The changing nature of gamekeeping

Earlier this year I spoke to a ‘keeper called Robert who has worked on the Ripley Estate for 25 years about his work. It is a large shoot with four estates and another standalone shoot, the Mountgarret, next to Ripley. I asked him a few questions on the work of gamekeepers that may interest a reader like me with little knowledge of gamekeeping.

Few tips from a keeper

Before talking to Robert, I was told that he is known for holding his birds well, which is an important part of the work of a gamekeeper. I was interested to see if he had any tricks for keeping them from wandering and Robert came up with a couple of simple tricks. He said that in the mornings feeding out towards the game crop is important and in the evenings, feed towards the pen.

Timing is crucial; if you stick to the same hours, the birds will know where to be. If you are too late in the evenings it is best to let the birds find their own way back, then use dogs to push back any stragglers. Hand feeding is also important to stop birds roaming.

It is also important to make sure there is plenty of water available in the pen so the birds don’t need to try to find some. Robert noted that becks and gutters can cause trouble.

Hen vs incubator

Robert is also familiar with using older rearing methods like bantams for incubation, (that’s where a hen is used to incubate the eggs and then care for the chicks).

Having done a little research, using bantams seems like a good option. He said that bantams work well to a point; the chicks had less disease, the bantam also would look after the chicks and teach them how to look for food, helping to produce hardier poults.

Another point Robert made was that more chicks would hatch under a hen than in an incubator. Silkies are particularly good for incubating partridge eggs. However, Robert also pointed out the merits of using modern incubators and there are many good reasons for using modern methods.

It is often not financially practical to use bantams on a larger scale due to the space required for separate pens. And using bantams requires gamekeepers to put in much longer hours to get the same results of contemporary methods, too.

Gamekeeping and the future

I asked Robert whether there was anything he was concerned about in regard to gamekeeping. He mentioned a few concerns for the future, namely the ‘rules and regulations’. He believes new rules brought in by the government prevent gamekeepers from properly managing the countryside. Proper management is not only important for game shooting but also for conservation, and the flora and fauna.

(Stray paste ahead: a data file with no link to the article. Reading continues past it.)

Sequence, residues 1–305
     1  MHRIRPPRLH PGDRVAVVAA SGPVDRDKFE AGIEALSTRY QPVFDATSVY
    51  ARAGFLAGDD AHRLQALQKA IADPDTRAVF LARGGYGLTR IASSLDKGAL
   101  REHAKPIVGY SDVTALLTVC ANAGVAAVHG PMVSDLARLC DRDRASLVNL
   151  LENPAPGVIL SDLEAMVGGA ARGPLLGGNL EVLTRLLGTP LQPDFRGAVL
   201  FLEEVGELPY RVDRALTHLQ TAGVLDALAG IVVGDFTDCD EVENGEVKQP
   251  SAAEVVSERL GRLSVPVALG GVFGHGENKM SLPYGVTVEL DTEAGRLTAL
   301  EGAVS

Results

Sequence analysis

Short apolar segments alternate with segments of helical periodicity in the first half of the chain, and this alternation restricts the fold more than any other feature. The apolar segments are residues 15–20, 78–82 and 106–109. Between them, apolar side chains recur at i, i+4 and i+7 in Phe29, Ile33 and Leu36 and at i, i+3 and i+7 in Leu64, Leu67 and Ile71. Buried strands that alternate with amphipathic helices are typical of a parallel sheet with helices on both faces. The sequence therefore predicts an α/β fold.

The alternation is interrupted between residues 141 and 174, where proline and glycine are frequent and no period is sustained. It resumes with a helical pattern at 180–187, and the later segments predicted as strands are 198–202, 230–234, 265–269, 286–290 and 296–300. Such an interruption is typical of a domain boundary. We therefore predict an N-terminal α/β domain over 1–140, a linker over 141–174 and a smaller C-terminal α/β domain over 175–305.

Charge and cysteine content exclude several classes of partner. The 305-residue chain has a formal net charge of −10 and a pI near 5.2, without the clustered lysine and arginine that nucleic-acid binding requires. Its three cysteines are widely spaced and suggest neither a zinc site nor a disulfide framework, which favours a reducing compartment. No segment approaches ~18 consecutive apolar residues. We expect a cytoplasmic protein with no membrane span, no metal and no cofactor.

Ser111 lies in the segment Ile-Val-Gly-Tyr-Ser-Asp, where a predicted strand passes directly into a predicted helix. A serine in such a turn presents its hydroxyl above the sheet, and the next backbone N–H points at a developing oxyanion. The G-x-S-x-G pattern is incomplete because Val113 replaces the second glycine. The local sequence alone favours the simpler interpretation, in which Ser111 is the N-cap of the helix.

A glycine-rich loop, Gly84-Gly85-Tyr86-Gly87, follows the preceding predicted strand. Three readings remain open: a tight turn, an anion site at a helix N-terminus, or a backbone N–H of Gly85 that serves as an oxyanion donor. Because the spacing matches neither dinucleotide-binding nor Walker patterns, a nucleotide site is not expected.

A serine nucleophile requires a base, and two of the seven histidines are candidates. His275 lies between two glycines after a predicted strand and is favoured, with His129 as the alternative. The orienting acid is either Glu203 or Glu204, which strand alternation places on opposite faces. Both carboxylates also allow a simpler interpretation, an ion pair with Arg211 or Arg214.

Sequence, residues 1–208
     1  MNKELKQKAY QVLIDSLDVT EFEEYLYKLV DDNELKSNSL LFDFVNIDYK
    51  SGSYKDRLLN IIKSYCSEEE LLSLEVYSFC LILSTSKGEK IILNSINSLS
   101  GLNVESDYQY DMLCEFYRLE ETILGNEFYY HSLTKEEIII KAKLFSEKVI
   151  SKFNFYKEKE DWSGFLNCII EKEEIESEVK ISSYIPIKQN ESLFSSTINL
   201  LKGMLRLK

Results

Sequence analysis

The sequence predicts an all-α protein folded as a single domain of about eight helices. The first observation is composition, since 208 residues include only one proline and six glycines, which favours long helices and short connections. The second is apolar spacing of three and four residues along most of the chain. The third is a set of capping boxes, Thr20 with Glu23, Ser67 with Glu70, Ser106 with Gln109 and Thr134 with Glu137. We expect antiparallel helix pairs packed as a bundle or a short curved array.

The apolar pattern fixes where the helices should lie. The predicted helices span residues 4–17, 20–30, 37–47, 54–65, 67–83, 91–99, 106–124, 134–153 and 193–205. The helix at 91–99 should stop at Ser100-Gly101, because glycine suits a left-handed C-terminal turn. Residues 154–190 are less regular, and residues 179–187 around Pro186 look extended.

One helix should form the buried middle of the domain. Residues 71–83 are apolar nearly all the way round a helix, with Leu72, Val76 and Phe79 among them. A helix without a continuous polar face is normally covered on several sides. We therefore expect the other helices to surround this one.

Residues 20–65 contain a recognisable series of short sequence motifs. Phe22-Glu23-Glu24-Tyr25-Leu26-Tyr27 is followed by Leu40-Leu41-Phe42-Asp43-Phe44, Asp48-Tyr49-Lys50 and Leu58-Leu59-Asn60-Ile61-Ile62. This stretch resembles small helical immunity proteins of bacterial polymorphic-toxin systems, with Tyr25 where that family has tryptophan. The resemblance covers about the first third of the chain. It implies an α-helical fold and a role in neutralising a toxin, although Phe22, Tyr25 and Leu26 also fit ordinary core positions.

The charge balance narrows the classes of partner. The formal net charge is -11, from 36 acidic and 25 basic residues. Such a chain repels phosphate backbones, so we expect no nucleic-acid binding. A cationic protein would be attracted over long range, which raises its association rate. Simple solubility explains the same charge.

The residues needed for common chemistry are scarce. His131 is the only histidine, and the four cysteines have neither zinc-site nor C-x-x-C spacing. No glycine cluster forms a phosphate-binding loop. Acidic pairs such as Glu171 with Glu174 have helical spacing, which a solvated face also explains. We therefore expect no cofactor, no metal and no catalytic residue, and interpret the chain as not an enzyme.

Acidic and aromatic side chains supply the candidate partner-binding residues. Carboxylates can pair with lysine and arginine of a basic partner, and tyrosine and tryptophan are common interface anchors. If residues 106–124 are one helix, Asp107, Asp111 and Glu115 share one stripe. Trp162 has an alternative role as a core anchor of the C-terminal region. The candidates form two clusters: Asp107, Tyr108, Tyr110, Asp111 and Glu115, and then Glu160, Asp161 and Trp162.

One issue Robert mentioned was hedgerows. These need to be cut regularly to create denser cover for small birds. They provide protection from birds of prey and a warm, secure place for nesting. With the government overruling gamekeepers, hedgerows have become thin and poorer places for birds to nest. Robert made a point that the work gamekeepers have done for years has been for a good reason.

This is not to say that all government regulations are negative for the environment. I personally would like to see more action from the government on conservation and climate change.

Taking a step back

Robert would also like the sport to take a step back. He doesn’t like excessive shooting and feels as though some Guns don’t appreciate how much time and effort goes into managing the land and the birds. In addition, a shoot may involve land owned by multiple farmers which can complicate the work of the gamekeeper.

Although there are inevitable issues for gamekeeping and game shooting in general, I think good practice and the right mindset will ensure that the sport has a promising future.

While tradition is important, keeping an open mind towards change will ensure the survival of shooting, gamekeeping and the conservation of the countryside for generations to come.